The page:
Real Estate

Identifying UK Period Properties

Whether you’re a first-time buyer, property investor, or looking to move house, you may have noticed that there is a plethora of terminology regarding house style and their particular structures. Houses in Britain have a rich architectural history, and there’s a huge range of styles of home, each with specific features that enable them to differentiate between each other. If you’re wondering what features make each style of house different, We Buy Any House we have compiled a guide to help you differentiate between period properties.

Tudor Houses (1485- 1560):

Tudor houses are one of the first form of ‘house’ that was popularised in England. Their design became increasingly popular after the King Henry VIII, who was notorious for his wives (and his beheadings) founded the Church of England. Following the establishment of the Church of England, Britain distanced itself from European architecture. This meant that houses in England had to create their own appearance, and houses began to be characterised by thatched roofs and exposed timber frames. The houses were built largely for functional purposes, and when constructed, there was little care for how the house looked aesthetically- which meant that most of the time, there wasn’t much symmetry. Other features of the property included close studding, set vertical features and small square panels.

Stuart Houses (1603- 1714):

Heavily inspired by European architectural fashion, Stuart houses made their appearance throughout the years of 1603-1714. Stuart architecture found itself flourishing between decades- before, during and after the civil war. This is often referred to as the ‘golden age’ of British architecture. Including a touch of the gothic, Stuart houses were often inspired by European architectural fashion. Unlike previous houses, Stuart houses placed an emphasis on changing the living arrangements. The notion of a living room for socialising, and a dining room for eating came into practice- rather than having physical separation from servants and other employees. The houses began to be built with stone and bricks, and the concept of a bedroom began to appear in the upstairs of the house. In terms of architectural style, Stuart houses are infamous for their symmetrical layout, elaborate mantlepieces and decorated hoods over front doors became popular.

Georgian (1714- 1790):

Georgian houses continued on the legacy of ensuring that properties were aesthetically pleasing. Their designs focused heavily on balance and proportion, in addition to including harmony and light. The Palladian style inspired by 16th century Italian architect, Andrea Palladio, and larger houses were now being double piled- and were often two rooms deep. During construction, houses were enlarged, ensuring that each room had ample space, and there was a focus on Ancient Greek motifs- such as stucco cornices and sash windows.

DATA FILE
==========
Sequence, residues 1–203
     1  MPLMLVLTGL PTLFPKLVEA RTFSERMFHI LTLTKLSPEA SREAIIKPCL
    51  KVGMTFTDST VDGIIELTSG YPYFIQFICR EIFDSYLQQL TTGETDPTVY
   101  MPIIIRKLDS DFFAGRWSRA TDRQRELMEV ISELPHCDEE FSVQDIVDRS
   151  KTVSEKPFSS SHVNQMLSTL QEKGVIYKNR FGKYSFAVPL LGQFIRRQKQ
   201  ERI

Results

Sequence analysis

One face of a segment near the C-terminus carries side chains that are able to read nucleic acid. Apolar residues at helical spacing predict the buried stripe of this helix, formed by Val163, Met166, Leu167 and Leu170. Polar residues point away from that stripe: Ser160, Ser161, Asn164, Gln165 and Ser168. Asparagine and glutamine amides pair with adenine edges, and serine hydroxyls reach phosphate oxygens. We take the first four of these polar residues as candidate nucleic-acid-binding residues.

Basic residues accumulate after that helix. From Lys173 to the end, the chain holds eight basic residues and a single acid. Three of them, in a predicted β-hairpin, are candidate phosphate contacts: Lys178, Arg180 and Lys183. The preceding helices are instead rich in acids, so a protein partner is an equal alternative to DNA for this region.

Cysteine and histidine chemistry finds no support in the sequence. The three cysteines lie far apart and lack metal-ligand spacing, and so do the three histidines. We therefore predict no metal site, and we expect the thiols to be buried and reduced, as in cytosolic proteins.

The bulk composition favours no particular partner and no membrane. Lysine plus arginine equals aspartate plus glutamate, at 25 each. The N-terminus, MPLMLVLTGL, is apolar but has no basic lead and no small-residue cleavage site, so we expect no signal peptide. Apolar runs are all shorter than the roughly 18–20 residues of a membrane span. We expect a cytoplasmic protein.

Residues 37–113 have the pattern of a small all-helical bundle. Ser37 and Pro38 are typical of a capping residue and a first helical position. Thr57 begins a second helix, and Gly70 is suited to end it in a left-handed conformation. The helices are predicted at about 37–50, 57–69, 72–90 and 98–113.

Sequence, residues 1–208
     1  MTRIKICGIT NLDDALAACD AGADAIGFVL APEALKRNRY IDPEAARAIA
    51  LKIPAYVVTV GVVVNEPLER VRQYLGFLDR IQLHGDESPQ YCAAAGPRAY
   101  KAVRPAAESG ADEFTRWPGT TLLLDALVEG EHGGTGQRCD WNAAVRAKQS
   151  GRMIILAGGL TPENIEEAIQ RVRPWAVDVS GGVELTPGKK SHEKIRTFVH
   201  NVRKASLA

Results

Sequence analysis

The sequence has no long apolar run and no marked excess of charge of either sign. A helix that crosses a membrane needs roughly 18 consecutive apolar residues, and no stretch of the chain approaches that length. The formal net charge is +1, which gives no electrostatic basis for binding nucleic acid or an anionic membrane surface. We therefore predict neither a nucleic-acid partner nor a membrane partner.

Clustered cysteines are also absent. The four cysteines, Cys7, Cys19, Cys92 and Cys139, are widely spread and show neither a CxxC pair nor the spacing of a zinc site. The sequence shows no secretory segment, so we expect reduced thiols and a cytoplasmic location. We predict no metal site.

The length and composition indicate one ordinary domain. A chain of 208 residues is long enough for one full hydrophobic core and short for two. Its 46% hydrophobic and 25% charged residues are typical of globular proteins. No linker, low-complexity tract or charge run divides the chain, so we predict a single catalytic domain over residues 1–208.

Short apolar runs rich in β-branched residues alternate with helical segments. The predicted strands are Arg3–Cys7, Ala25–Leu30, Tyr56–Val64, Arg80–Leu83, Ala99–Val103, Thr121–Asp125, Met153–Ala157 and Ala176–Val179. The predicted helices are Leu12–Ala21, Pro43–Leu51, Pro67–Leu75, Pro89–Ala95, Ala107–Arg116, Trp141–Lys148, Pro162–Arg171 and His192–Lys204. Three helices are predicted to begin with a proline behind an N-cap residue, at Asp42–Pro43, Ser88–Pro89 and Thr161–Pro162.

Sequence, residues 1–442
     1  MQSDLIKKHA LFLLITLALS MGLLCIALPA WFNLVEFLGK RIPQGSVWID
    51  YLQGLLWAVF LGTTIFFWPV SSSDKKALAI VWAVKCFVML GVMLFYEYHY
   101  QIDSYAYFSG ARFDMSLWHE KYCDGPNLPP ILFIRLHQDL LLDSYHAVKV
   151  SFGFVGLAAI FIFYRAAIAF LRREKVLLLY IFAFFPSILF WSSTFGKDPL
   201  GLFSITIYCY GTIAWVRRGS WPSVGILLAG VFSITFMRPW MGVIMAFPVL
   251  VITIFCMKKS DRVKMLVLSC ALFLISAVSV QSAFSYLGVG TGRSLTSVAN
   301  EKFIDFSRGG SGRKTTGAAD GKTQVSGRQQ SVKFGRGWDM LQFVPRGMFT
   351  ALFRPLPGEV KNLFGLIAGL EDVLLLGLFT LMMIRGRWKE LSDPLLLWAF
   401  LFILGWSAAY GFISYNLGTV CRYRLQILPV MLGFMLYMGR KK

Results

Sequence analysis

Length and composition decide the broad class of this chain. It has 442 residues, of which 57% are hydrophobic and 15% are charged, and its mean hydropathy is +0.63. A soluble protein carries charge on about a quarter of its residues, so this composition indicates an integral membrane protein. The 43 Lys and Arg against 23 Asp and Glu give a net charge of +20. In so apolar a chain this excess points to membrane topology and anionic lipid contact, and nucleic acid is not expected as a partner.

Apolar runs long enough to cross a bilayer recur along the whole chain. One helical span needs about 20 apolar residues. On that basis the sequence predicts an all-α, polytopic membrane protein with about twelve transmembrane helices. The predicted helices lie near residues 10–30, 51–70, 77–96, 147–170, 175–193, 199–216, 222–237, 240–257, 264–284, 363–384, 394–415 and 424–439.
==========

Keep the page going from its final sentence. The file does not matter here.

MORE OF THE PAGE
Victorian (1839- 1900):

Still a popular style of house in England today, Victorian properties revived the gothic period through domestic architecture. Once again, brick work became fashionable, however this time there was less focus on symmetry and homes were designed asymmetrically. Following the industrial revolution, mass manufacturing resulted in meant people being able to buy their own home and upgrade them, so lavish and colourful displays of brickwork became the norm. Victorian properties somewhat resemble small cottages and are back-to-back- which today are recognised as terraced houses.

Edwardian (1900- 1918):

Inspired by elaborate elegance, Edwardian houses were a depiction of Baroque inspiration, and this 17th century style was mostly adapted for public houses and grand houses. From the outside, they are smaller than Victorian buildings, however they are infamous for their unique design, which has a rise in vernacular architecture, timber framing, pebbledash and hanging tiles. Other features include white timber porches, balconies with intricate fretwork and balusters.

70s Terrace:

From the inside, you’d be able to spot a 70s interior from a mile off. Shag carpeting, funky furniture and technicolour wall schemes, a 70s house is unmistakable. However, to recognise the exterior of a 70s property, look out for a dated yet modernist approach. There tends to be traditional hanging tiles on the exterior of the property, standard garages and instead of chimneys instead of new fireplaces.

90s New Build:

90s new build houses are the ones we tend to see every day. Most of us live in a similar style house, or a refurbished version of this type of property. Traditional features of this home include mock timber framing, rendered walls. They somewhat resemble cottages, yet have upgraded features such as double glazing.

This article was written by a quick house sale company We Buy Any House. If you’re wondering “how can I sell my house fast?”, head to the We Buy Any House website for more information relating to all property related enquiries.  

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